The Venus Felix is a sculpture of Venus and her son Cupid which dates back to the 2nd-century AD. It was dedicated by Sallustia and Helpidus to Venus Felix. Its head resembles Faustina the Younger. It is now held at the Pius-Clementine museum of the Vatican Museums, Rome, and is displayed in the Octagon of the Hermes Hall.
The Venus Felix statue is not a copy but is reminiscent of the great masterpiece, Aphrodite of Cnidus by Praxiteles made in the 4th-century BCE. The statue has a distinctive description on its base which indicates its votive purpose.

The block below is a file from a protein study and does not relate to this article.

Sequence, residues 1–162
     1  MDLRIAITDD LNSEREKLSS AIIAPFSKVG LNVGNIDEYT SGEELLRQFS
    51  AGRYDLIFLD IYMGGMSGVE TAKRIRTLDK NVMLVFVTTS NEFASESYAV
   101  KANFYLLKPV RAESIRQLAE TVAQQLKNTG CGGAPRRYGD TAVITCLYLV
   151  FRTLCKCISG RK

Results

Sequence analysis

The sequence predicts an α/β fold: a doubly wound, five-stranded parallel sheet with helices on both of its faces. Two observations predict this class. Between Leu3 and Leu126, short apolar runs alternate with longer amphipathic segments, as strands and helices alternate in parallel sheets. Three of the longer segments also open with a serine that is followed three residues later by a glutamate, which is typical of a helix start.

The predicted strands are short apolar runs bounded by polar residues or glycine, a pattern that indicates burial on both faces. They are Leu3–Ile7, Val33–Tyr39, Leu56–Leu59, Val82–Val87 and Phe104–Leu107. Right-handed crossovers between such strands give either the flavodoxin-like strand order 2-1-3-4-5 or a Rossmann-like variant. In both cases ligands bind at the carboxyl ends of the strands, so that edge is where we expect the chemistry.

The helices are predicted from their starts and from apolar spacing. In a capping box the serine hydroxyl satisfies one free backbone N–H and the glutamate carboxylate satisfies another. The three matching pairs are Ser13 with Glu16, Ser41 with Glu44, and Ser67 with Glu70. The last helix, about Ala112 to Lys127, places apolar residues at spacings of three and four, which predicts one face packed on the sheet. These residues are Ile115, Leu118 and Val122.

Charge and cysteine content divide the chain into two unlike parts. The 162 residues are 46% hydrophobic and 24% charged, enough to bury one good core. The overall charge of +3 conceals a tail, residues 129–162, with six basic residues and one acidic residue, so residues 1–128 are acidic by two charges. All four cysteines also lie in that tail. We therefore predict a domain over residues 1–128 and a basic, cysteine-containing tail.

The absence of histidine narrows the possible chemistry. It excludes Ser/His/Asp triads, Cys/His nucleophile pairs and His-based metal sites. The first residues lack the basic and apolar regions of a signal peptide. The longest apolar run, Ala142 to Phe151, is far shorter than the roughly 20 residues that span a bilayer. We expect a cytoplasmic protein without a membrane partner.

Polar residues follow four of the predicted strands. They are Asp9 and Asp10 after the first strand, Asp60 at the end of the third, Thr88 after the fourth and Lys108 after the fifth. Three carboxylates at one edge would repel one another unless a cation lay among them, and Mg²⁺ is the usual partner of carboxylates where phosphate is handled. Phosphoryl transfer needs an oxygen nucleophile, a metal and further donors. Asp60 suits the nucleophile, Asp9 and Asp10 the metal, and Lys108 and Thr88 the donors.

The description is thought to attest the statue is dedicated to Venus Felix by Sallustia a matron whose portrait can be traced back to the 2nd-century AD and by Helpidus in all likelihood, who stands next to her guise of Eros as he hands her an object which could be mirror